on as long as the food supply holds out, the ghastly host sometimes presiding for a week or more.
We left Bontoc in the early morning and crossed the Polis Range at 6,400 feet, with magnificent views, before entering Ifugao. It was late in the afternoon when we sighted the constabulary post at Banaue. It occupies a splendid position at the head of a canyon, with terraced hillsides all about, and serves as a hotel for the very few travelers who visit this section of the world.
The Philippine constabulary has made quite a record in its twelve years of life. It is a cross between a standing army and a police force, composed of 5,000 natives and officered by 300 American college or military school graduates. These officers are mostly young men, thirty and under. On arriving in Manila they are sent up to Baguio to the constabulary school for several months.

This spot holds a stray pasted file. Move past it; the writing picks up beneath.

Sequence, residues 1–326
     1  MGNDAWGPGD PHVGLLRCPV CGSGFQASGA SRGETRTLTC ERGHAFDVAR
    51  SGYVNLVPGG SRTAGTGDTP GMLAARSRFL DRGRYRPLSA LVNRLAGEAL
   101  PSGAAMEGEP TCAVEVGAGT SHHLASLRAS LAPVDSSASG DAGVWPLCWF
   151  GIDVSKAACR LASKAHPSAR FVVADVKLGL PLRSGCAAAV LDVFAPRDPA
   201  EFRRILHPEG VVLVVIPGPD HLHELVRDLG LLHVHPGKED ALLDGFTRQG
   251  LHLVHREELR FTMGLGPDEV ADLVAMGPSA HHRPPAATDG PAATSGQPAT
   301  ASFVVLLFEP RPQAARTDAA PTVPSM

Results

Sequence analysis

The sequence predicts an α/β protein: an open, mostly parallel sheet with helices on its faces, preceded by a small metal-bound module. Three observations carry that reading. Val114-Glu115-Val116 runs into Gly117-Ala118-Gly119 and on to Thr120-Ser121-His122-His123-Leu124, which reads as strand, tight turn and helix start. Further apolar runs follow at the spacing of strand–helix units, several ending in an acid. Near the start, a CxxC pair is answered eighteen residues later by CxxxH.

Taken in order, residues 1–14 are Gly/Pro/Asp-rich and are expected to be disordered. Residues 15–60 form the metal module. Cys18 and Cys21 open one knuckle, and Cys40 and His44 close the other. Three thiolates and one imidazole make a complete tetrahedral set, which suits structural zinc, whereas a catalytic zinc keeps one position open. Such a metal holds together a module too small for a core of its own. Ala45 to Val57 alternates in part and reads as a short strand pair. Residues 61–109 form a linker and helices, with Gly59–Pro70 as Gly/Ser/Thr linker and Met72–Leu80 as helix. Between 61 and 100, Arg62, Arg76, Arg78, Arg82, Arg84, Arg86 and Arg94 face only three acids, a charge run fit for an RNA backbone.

In many respects the constabulary is unique. The soldiers buy their food as they go through the country, seldom carrying rations with them. The officers have considerable freedom of
NATIVE IFUGAO SOLDIERS IN BANAUE.